New Year, New Garden, New You New beginnings

The New Year is an exciting time when the promise of new beginnings lies ahead of us. It is a time of self-reflection and motivates us to improve our lives. Usually, this includes changing our lifestyles to eat healthier and incorporate daily exercise for better health.

Rather than waiting for an open exercise machine or joining an overfilled class at the gym, all you need to start a healthy regime is in your garden. Not only will your garden benefit from you spending time working in it, but your body will also be more robust and stronger too. Here are a few ways you stand to benefit from including gardening into your lifestyle this year.

Get physical

While you might think of your garden as a haven of relaxation, digging, mowing, raking up leaves and pushing a wheelbarrow around the garden all help you to burn calories and tone up those muscles. That’s right; gardening is considered moderate-intensity exercise, which means working in the garden for 60 minutes can be equivalent to 35 minutes of jogging.

There are also benefits to spending time planting and pruning, which can all contribute to low-intensity stretching exercises which have a host of benefits for your body and mind. By regularly stretching, you increase your flexibility and range of motion, both beneficial for pain reduction.

Eat 5-a-day

Growing your own fruits and vegetables often provides an abundant supply of the good stuff. It is recommended that you consume 5-a-day of fruit and vegetables to lower the risk of health problems such as diabetes and heart disease. Easy access to freshly grown foods in your own garden often means eating more fruits and vegetables which are high in fibre, vitamins and minerals to promote good health.

Strengthen your bones

Working in the garden means you’ll be soaking up the sun.

Spring brings new beginnings September in the Garden

September is here – the sun is getting warmer, and our gardens are showing new signs of life. Spring is the perfect time to look at your garden with fresh eyes, make some changes and plan for the summer months ahead. 

Arbor week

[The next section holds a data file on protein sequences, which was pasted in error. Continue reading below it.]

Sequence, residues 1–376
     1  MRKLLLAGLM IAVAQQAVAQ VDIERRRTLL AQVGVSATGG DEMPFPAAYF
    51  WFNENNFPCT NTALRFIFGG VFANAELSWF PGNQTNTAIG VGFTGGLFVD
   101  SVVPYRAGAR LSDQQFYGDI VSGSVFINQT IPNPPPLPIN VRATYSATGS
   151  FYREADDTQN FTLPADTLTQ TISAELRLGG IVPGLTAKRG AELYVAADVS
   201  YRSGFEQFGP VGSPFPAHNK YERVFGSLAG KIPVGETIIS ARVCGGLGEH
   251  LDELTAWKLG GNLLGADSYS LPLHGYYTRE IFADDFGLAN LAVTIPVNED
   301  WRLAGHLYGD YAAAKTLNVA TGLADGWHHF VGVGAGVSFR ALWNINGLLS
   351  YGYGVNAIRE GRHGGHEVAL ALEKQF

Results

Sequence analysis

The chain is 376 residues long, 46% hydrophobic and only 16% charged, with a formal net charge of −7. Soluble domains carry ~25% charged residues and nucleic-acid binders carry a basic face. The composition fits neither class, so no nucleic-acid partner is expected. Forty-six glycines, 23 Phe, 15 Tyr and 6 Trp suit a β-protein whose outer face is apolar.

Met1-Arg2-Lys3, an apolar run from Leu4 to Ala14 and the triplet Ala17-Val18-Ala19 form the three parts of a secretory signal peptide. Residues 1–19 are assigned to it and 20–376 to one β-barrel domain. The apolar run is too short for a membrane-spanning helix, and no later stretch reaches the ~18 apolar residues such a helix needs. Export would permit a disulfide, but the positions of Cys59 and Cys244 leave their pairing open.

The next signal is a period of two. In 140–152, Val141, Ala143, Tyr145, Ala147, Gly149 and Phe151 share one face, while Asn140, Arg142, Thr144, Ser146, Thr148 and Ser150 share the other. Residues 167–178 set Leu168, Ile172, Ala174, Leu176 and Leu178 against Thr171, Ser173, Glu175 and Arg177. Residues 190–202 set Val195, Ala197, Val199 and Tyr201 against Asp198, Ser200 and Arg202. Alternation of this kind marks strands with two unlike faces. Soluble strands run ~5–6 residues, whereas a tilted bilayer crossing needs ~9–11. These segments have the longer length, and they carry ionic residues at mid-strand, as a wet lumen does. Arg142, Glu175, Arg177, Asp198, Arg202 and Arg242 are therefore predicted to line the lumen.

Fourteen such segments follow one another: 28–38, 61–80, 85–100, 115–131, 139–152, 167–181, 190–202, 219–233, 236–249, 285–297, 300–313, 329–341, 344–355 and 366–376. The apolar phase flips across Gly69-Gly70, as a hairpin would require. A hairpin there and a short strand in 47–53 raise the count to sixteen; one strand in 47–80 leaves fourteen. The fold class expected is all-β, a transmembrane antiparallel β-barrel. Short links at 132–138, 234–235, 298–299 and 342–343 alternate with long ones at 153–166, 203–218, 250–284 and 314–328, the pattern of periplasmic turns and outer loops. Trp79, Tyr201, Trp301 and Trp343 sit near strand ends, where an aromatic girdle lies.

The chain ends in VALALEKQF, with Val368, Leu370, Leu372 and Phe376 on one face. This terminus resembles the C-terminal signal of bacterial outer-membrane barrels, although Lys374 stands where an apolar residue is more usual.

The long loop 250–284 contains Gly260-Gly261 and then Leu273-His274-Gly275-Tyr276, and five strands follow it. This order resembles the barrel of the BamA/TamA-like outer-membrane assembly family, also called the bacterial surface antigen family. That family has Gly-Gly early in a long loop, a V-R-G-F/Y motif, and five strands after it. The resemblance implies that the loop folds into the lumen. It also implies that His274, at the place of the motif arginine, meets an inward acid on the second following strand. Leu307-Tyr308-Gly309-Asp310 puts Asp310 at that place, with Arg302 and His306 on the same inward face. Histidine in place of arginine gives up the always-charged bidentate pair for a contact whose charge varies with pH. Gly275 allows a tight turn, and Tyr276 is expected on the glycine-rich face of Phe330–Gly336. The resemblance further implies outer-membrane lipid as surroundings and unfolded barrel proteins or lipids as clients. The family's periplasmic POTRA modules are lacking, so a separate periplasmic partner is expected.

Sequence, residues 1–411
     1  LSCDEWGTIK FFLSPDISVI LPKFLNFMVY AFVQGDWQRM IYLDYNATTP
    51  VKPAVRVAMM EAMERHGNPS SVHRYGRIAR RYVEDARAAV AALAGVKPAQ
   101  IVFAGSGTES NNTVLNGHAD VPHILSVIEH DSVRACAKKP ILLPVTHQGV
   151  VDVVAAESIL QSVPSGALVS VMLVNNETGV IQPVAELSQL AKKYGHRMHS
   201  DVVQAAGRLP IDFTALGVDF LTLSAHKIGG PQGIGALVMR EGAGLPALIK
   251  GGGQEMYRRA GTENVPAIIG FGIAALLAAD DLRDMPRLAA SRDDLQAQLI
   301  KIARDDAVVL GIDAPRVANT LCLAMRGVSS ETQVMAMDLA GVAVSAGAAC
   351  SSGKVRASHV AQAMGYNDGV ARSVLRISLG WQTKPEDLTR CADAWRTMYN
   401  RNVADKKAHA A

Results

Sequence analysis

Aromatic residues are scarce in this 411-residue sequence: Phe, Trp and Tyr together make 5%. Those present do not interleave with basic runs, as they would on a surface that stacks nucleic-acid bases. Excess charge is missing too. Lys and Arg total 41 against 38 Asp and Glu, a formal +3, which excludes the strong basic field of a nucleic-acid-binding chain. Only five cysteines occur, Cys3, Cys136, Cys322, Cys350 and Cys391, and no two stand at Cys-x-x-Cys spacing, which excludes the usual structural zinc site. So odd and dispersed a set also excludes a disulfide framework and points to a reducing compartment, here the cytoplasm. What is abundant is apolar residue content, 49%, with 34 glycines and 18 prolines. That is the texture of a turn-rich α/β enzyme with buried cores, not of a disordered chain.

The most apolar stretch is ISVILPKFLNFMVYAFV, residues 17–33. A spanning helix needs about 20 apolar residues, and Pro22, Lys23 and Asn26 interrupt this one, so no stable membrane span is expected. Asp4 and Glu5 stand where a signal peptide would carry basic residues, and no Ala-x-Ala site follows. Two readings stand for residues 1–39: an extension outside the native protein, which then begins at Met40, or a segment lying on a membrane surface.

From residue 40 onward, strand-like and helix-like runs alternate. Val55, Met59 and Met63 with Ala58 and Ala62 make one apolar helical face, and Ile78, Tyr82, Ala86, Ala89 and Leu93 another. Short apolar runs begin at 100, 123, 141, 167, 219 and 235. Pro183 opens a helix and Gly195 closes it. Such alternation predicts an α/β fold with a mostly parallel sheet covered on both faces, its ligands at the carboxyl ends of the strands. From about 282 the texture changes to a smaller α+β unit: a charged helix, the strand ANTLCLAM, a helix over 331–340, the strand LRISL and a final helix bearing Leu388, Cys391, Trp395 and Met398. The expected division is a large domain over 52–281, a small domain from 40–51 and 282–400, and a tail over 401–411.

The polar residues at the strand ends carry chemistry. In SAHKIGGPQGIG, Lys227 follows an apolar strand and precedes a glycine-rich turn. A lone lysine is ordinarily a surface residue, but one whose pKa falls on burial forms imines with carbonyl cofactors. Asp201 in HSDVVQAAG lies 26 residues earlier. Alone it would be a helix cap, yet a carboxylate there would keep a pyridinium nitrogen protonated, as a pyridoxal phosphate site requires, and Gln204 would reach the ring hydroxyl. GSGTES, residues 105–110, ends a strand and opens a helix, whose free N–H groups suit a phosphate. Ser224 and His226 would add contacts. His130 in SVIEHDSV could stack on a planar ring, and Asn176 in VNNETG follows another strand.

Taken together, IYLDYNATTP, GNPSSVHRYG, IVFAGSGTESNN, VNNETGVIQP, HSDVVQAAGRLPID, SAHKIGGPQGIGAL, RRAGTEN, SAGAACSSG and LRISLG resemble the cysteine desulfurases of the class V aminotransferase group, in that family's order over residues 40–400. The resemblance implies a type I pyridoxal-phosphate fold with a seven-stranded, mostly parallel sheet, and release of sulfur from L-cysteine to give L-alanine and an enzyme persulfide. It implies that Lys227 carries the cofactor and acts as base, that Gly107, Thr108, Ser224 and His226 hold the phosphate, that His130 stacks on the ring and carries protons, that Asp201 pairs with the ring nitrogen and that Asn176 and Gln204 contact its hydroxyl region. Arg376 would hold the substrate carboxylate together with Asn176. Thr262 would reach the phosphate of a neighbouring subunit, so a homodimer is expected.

The 1st to the 7th of September is national Arbor week in South Africa - a time when South Africans of all ages are encouraged to celebrate the beauty and importance of trees.

The trees of the year for 2019 are Common Tree of The Year: Sclerocarya birrea Marula Maroela. Rare (Uncommon) Tree of The Year: Philenoptera violacea Apple-leaf, Appelblaar. 

The month of September is the perfect time to plant an indigenous tree in your gardens - at home, office parks, and schools – especially as we are currently losing many of our trees to the invasive Shothole Borer.

What to Sow

During summer months, having fresh salad supplies ready to pick from your garden is a win! September is the time to sow lettuce, spring onion and tomato seeds, ready for your summer salads.  

  • Lettuce can be grown in a sunny garden bed. Most varieties are quick and easy to grow and produce a harvest within a month or two.  The loose-leafed varieties are the most practical because you can harvest the individual leaves for up to three months before replanting. Others, like the butterhead or iceberg, are picked when the heads form, so it’s best to sow seed at 3–4 weekly intervals to have a constant supply. Use a fertile, well-draining soil medium and space about 30cm apart to allow for good air circulation. Keep the soil evenly moist at all times — drought stress can cause a bitter taste. 
  • Spring Onion can be grown in sun or partial shade and prefer rich soil with compost dug in.